PR: Following on from Tall as the Baobab Tree, what will your next project be, or are you not thinking that far ahead?
JT: I have a few scripts. Narrative was always my interest, and I studied Theatre, Film and English at school. I never had imagined I’d spend all these years working in Africa making documentaries, but I was very compelled to do it. But it does fit into my interest. My two interests right now in storytelling are coming of age, and social movement. I love reading the news, I read it constantly, so my two scripts, I’ll pick one pretty soon to commit to, deal with similar themes as Tall as the Baobab Tree, but they are set in America.
PR: As a filmmaker, do you see your career being a combination of using fictional narratives inspired by reality, real events, rather than pure documentary form?
JT: I don’t see myself making another documentary, unless I discover something that is really compelling. Certainly having had this experience, I’m aware of cinema’s power to talk about what’s happening now. I love movies like Network, and 1984 which are pure fiction, but you think about your surroundings after you are done with a movie like that. I love those types of films, and then I have a soft spot for melancholic coming of age movies like Wes Anderson’s films. I’m working with a co-writer on a script like that. A lot of my work in college dealt with childhood, and so that’s something that really interests me, and Tall as a Baobab Tree is in a lot of ways about growing up very fast. I feel like I’m discovering what motivates me as an artist.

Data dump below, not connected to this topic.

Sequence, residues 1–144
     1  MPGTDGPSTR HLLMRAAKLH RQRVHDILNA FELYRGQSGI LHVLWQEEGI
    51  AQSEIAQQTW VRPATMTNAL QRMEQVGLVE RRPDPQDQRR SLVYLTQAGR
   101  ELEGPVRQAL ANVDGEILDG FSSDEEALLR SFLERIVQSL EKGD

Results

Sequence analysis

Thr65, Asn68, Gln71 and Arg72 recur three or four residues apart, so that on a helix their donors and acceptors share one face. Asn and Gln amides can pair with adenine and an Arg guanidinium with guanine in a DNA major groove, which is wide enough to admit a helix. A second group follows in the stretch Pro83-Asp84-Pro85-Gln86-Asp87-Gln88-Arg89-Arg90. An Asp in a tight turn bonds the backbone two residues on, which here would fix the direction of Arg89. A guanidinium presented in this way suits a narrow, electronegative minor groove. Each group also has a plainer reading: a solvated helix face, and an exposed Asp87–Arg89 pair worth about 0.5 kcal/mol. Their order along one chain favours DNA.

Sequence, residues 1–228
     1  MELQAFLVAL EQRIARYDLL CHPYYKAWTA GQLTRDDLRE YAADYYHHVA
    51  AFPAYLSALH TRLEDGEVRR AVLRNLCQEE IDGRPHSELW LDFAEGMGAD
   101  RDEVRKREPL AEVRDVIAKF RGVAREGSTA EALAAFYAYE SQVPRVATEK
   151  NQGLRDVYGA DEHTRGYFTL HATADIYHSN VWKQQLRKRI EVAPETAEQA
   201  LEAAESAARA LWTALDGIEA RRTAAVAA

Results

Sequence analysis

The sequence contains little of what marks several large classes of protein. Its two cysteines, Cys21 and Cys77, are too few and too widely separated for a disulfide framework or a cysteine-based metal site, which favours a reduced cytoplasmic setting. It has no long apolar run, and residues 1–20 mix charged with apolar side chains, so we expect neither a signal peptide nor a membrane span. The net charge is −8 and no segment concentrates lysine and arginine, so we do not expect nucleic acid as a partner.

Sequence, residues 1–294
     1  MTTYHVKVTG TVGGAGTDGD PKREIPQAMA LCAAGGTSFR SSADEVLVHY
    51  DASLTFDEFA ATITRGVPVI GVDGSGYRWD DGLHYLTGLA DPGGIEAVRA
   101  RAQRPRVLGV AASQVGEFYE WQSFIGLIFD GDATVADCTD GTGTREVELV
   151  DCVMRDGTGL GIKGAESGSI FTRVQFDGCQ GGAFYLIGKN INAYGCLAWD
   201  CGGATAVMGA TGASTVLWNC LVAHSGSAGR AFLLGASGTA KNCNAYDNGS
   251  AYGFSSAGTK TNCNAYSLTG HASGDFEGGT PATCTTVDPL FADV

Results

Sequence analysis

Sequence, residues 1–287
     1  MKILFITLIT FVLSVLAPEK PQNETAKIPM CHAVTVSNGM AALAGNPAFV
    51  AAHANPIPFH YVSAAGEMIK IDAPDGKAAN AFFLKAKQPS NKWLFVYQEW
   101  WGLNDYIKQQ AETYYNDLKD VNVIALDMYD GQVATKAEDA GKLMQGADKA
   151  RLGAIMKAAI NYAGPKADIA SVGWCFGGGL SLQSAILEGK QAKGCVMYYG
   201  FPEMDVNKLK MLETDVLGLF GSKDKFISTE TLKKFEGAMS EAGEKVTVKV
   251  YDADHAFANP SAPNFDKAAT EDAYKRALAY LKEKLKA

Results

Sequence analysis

PR: The film medium then is affording you the opportunity to express yourself, whilst functioning as an important part in your personal growth and development?
JT: Yeah, as an artist, and in this movie I’m hopefully aware of the social and political implications that it can have in the statements that it is making. Tall as the Baobab Tree probably more than what is probably my next movie has a very clear statement and goal.
PR: Do you regard the importance to try and do a hybrid of the two, documentary but also a narrative piece, because the industry’s preference is for a director to do one thing or the other, making it easier to categorise you.
JT: Making this film was certainly a narrative experience. I directed a lot of theatre in school, and working with these actors was no different. I feel I have some pretty intense training as a director as a result of working with an eleven year old for a month who had never seen a camera before. You had to be very clear in your directing. It was definitely a narrative experience. I had an internship in college at PBS working with this team of documentary filmmakers, and I could see how passionate they were about finding a topic and wanting to get to the bottom of it with the documentary. I don’t have that. I am moved by fiction more and the power of fiction. At the same time I like talking about the real world, and that’s why I chose to make Tall as a Baobab Tree, a fiction film instead of another documentary, because to me what was compelling about the situation were the conflicting emotions that people were going through. Fiction is my tool.
Thanks to Jeremy Teicher for taking the time for this interview. This article originally appeared on EatSleepLiveFilm.
For further information and to watch Tall as the Baobab Tree visit: www.tallasthebaobabtree.com/watch
Paul Risker is co-editor in chief of Wages of Film, freelance writer and contributor to Flickering Myth.